Wednesday, October 26, 2011

Importance of the Pledge

I remember when we used to say the Pledge of Allegiance in grade school each day. There was one kid who just sat there. I think he was a Jehovah's Witness. But I don't really know. No one ever said a thing about it except once when the teacher confirmed that he didn't have to stand with us.

No one ever refused to play with him or to my knowledge said anything at all.

A few years later, the school system stopped having kids stand and recite the pledge. And that is sad. Many people my age forgot what the pledge said. They can't recite it now, as they don't remember it. And that is sad.

I see comments on the web from time to time that show a pronounced lack of knowledge about my nation and its form of government. If one would just recite the Pledge of Allegiance and listen to the words, some of these gaps would be corrected, but because we stopped learning this, people don't know.

I Pledge Allegiance to the Flag
Of the United States of America
And to the Republic for which it stands
One Nation
Under God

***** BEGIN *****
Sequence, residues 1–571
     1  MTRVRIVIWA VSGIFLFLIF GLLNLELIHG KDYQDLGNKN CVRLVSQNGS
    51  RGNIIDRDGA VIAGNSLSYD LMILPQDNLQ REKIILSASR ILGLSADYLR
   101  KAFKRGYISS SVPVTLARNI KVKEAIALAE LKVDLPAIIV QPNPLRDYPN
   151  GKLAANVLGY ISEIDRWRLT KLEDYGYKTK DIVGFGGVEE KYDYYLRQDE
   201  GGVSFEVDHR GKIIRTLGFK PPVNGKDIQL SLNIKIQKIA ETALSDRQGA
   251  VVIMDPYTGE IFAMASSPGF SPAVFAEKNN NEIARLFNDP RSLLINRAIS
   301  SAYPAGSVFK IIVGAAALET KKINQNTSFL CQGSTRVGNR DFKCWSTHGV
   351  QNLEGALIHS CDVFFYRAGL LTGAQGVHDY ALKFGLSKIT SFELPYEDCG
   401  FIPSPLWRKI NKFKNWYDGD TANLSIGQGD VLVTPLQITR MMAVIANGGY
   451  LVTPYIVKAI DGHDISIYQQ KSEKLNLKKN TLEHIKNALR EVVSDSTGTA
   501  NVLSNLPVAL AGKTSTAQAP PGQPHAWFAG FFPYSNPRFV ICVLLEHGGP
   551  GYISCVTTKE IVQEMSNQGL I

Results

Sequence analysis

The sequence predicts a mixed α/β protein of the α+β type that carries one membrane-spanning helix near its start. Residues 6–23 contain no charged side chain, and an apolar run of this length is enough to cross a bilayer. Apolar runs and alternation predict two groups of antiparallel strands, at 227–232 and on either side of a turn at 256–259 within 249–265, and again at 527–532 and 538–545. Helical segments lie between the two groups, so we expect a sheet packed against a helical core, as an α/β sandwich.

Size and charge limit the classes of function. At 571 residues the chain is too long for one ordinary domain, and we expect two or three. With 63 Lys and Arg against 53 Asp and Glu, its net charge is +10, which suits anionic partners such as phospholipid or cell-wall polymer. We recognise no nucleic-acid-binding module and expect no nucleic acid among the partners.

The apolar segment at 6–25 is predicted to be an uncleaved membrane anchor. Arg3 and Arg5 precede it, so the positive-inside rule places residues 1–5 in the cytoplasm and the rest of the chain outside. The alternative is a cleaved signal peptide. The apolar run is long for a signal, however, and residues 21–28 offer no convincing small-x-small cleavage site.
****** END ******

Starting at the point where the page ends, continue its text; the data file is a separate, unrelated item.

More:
Indivisible
With Liberty
And Justice
For All.

Its really not long. But it states a couple of important facts.

1. The flag stands for the United States of America. Not just any part of it, or political group.
2. The government of the USA is a Republic. This differs in significant detail to a democracy. It is one of the ways we can have a majority rule and still have respect for the minority interest. Its important to remember this. The founding fathers had experienced both a monarchy, where the minority interest of the king had governed all, but they had also experienced democracy where the majority could quickly trample the interests of a minority. Out of this wisdom they selected the form of government that has proved more enduring and free than all others.
3. There are many states and people, but we make up one nation.
4. We are under God, no matter what you call him, this nation (and all others) exist because he allows it to.
5. We will not be divided. We may disagree, but the nation will stay a nation.
6. Liberty and the ability to pursue our own goals is fundamental.
7. Justice is the rule of law, not of man. Laws protect us from the government and from each other.
8. These principles apply to all citizens regardless of station, position, income or any other distinction. We are all equal in regards to the franchise and exercise of our citizenship.

We need reminders like the recitation of the pledge to keep the fundamentals of our citizenship in our memory. When we forget who we are, we have lost what is most precious.

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